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An interview featured Bird discussing data from his AAAAI annual meeting presentation on a new oral immunotherapy product for those with peanut allergies.
A new HCPLive interview at the American Academy of Allergy, Asthma & Immunology (AAAAI) 2023 Annual Meeting in San Antonio, TX, featured a discussion with J. Andrew Bird, MD, in which he discussed data on a new immunotherapy product for peanut allergy.
Bird serves as Associate Professor of Pediatrics and Internal Medicine, as Dedman Family Scholar in Clinical Care, and as director of the Food Allergy Center at Children’s Medical Center for University of Texas Southwestern Medical Center.
“So I was talking on behalf of a number of investigators,” he explained. “This was looking at a large number of studies conducted by Aimmune Therapeutics, which is looking at their peanut oral immunotherapy product. And we were able to analyze a combination of multiple studies that have been conducted, looking at the safety of peanut oral immunotherapy.”
The product, called peanut allergen powder-dnfp (PTAH) is an oral immunotherapy for those with allergies to take daily, designed to mitigate allergic reactions following peanut exposure.
Bird was asked about the findings and any surprising elements of the data compiled from the studies included in his AAAAI presentation.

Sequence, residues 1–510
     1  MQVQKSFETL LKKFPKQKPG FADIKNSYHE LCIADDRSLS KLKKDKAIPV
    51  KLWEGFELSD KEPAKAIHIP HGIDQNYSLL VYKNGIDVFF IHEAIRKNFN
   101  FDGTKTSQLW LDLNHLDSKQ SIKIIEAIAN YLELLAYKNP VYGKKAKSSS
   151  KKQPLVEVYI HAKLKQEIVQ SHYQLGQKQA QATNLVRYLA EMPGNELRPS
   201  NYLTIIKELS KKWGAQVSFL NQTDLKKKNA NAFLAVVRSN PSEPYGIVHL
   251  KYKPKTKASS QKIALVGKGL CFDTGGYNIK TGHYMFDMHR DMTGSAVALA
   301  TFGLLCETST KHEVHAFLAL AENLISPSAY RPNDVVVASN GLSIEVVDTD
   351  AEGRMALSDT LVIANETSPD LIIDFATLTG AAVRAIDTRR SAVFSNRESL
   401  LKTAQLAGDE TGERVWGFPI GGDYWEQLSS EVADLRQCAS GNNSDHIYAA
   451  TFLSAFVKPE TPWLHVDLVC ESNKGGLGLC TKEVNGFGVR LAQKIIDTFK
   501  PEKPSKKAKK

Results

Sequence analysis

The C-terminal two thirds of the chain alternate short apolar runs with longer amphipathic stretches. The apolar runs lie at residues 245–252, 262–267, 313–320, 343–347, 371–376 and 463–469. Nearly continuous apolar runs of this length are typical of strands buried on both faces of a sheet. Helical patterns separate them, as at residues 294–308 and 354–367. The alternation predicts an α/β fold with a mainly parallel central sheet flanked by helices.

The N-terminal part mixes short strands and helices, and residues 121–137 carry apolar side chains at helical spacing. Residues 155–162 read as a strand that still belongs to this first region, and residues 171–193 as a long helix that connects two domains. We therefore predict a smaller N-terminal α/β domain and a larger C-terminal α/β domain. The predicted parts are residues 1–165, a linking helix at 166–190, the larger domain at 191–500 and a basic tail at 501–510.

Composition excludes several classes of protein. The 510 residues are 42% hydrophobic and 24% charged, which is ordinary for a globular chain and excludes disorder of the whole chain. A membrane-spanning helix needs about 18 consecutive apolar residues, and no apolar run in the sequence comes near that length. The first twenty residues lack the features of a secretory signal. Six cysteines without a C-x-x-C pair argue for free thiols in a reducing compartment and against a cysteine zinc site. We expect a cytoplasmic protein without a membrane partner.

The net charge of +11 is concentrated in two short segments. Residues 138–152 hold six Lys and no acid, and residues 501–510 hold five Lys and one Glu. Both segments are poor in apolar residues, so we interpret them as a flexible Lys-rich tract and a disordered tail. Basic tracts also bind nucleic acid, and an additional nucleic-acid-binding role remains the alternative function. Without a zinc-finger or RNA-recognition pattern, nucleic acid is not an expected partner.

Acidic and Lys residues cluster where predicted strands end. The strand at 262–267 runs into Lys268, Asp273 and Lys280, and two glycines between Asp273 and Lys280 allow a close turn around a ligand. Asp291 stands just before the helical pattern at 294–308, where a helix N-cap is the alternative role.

“So what we were able to see by looking at all these groups was that the most common adverse events are in the first year of therapy, and then gradually, the longer patients are on therapy, the fewer side effects you tend to see,” he said. “Not necessarily unexpected (but) I was surprised to see, when looking at the data pretty closely, that if you look more closely at the second year of therapy, you see not as much of a decline.”
Bird added that in his team’s view, the potential for patients to be non-adherent to their recommendations may have actually led to some adverse events in the second year of treatment.
Overall, however, Bird was positive about his team’s findings on the product that were included in the presentation.
“So we did see some adverse events, typically during up dosing, which is the very first portion of treatment,” he said. “And it just shows that the longer you're on it, the more desensitized you get. And we coupled that with some immunologic findings, suggesting again that there's a robust immunologic response suggesting protection against external exposure to peanuts while you're on therapy.”
To find out more about Bird’s presentation from AAAAI, view the full interview above.